The crisis in Ukraine is calling into question the very principles upon which we have built the modern Europe.
Russia’s actions in Crimea are a violation of the territorial integrity and sovereignty of Ukraine. They undermine the rule of international law. And they flout the principle that every state is sovereign, and free to choose its own fate.
That is the principle which allowed us to heal the divisions imposed by tyranny after World War Two, and to move ever closer to a Europe which is whole, free and at peace.
This year we celebrate how much that principle has brought us – but the crisis in Ukraine is a reminder to us all that we must defend that principle. That is what NATO is doing.
2014 marks a number of significant anniversaries for the Euro-Atlantic family of nations. For NATO, it marks 15 years since the Czech Republic, Hungary and Poland joined the alliance; 10 years since the accession of Bulgaria, Estonia, Latvia, Lithuania, Romania, Slovakia and Slovenia joined; and five years since Albania and Croatia acceded.
This year also marks a decade since ten of those countries joined the European Union.
As Prime Minister of Denmark, I was at the NATO summit which agreed the 2004 enlargement. I chaired the EU summit in Copenhagen which agreed to the European Union’s enlargement. As Secretary General of NATO, I have had the privilege of working day by day with the new members of our Alliance.
In both capacities, I have seen first-hand the enormous benefits which the accession of new members to the two premier Euro-Atlantic organisations has brought.
By choosing to adopt the standards and principles of NATO and the EU, these countries gave their democracies the strongest possible anchor. They rejoined the family of Western nations. And by taking the pledge to defend and protect NATO, they received the pledge that NATO would defend and protect them.
At the same time, NATO benefited from their accession. The Alliance gained members who are strong and committed, who play a significant role in our operations and exercises, and who bring a wealth of diverse experience and insights to the table.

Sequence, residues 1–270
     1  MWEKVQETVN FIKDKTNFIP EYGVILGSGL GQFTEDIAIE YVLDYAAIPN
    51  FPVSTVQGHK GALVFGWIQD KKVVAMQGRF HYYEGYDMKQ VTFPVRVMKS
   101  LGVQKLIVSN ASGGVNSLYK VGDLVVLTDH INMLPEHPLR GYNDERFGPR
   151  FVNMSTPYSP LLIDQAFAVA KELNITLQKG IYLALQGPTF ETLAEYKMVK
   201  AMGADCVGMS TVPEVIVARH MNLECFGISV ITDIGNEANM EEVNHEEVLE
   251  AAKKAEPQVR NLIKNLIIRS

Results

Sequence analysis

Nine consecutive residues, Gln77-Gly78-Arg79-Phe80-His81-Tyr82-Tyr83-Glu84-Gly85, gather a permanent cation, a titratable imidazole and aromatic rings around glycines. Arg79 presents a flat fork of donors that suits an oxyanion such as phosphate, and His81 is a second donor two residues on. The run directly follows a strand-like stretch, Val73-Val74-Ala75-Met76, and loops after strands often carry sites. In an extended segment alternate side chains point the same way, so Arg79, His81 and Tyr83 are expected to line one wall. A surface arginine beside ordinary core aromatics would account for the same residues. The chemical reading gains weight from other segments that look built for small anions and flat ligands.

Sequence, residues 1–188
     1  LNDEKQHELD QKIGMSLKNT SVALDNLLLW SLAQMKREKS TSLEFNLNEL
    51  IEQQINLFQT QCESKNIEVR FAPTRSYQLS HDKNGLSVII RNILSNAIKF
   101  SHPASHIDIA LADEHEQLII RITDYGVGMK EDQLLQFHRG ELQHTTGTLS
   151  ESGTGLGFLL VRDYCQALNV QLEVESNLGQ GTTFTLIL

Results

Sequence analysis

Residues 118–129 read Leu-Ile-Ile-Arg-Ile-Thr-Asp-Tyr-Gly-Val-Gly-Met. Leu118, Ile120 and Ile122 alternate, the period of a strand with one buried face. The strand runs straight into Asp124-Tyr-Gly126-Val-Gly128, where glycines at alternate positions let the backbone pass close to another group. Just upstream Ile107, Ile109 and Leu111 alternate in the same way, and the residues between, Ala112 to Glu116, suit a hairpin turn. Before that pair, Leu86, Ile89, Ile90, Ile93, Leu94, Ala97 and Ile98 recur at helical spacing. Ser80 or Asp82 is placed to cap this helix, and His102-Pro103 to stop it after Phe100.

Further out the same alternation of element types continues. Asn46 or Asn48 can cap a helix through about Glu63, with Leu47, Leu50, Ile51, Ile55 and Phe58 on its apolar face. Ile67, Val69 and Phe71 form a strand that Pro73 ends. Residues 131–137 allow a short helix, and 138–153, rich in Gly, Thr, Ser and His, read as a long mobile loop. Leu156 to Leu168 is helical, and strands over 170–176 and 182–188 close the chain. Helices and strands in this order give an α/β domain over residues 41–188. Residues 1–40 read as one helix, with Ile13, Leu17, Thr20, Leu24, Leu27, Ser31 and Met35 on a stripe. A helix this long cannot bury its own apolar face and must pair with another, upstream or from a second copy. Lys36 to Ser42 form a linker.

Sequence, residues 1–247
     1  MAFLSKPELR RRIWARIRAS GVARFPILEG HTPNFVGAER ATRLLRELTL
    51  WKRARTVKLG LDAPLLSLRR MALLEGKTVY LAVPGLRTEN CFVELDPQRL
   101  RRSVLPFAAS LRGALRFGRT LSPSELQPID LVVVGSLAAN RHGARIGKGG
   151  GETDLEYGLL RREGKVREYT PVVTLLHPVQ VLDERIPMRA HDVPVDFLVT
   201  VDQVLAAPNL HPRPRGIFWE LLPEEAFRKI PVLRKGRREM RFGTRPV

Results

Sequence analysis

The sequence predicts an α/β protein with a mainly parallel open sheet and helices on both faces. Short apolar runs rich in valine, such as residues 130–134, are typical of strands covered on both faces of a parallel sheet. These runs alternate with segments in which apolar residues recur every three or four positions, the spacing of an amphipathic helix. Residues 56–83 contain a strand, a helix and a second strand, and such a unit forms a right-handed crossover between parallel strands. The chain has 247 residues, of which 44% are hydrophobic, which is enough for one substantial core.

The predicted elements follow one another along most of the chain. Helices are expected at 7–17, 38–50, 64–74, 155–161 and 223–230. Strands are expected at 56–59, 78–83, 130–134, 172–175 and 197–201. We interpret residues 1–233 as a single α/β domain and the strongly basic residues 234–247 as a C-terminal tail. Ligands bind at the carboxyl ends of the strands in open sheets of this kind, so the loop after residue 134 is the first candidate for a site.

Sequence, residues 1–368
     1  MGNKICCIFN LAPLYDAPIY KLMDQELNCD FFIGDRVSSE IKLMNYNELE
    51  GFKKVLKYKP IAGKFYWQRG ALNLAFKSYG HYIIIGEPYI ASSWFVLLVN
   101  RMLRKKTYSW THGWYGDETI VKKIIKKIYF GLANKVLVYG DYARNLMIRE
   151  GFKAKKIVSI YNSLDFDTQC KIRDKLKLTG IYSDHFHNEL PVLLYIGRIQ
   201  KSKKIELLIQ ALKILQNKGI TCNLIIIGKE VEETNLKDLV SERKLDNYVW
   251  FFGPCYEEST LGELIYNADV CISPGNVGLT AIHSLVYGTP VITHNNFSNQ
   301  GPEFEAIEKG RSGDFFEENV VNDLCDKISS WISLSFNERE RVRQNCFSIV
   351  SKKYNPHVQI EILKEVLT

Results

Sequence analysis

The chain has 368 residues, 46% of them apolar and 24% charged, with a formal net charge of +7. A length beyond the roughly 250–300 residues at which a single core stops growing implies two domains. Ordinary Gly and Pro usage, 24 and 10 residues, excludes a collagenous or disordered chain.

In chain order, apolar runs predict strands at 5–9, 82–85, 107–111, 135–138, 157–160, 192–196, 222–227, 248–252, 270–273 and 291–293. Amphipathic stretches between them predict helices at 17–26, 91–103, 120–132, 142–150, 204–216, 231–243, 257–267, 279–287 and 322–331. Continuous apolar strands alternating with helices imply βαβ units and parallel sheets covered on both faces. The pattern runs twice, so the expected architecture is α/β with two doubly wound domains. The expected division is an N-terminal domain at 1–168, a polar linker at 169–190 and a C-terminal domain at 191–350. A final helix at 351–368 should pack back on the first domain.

Moreover, Europe and the world benefited from their choice to join our organisations, because by their accession, they spread the space of freedom, democracy, security and stability ever further across this once-divided continent.
Their accession to NATO, and the EU, is one of the great success stories of our time. The peace and prosperity these accessions brought is the strongest vindication of our founding principle.
The task is not yet done. There are still countries which wish to join the Euro-Atlantic organisations.
NATO’s position is clear, and it is set out in Article 10 of our founding charter, the North Atlantic Treaty: any European state in a position to further the principles of the Alliance and to contribute to the security of the North Atlantic area can apply to join.
We stand by that principle. Right now, Bosnia-Herzegovina, the former Yugoslav Republic of Macedonia¹, Georgia and Montenegro all aspire to join the Alliance. They have made their sovereign choice.
Accession to NATO is a free choice, but it is not a free ride. As the members of the Alliance all know, it takes determined reforms, and years of work; but the rule is cast in granite: NATO’s door is open for those who are ready to do the hard work.
These countries are all working on the necessary reforms. NATO is supporting them. And once they have done all that is needed, we will take the necessary decisions.
Ukraine’s policy on Euro-Atlantic accession has changed over the past decade, but at every step, NATO has respected our partner’s choice. Our cooperation with Ukraine has grown steadily stronger as a result.
The Alliance’s policy of showing respect and supporting reform has been a clear win for peace and stability in Europe. It has made NATO stronger, it has made each country stronger, and it has given a strong motivation to the countries which want to accede to continue with their reforms.
This is the policy, and this is the principle, which has allowed the spread of peace and stability across Europe. It has allowed us to heal the divisions of the past, overcome conflicts which lasted generations, and build a community based on inclusiveness, democracy and cooperation.
The right of sovereign states to choose their own course is one of the foundation stones of modern Europe. That principle has stood us in good stead since the day NATO was founded. We must all stand by it today.
Article by NATO Secretary General Anders Fogh Rasmussen on enlargement anniversaries.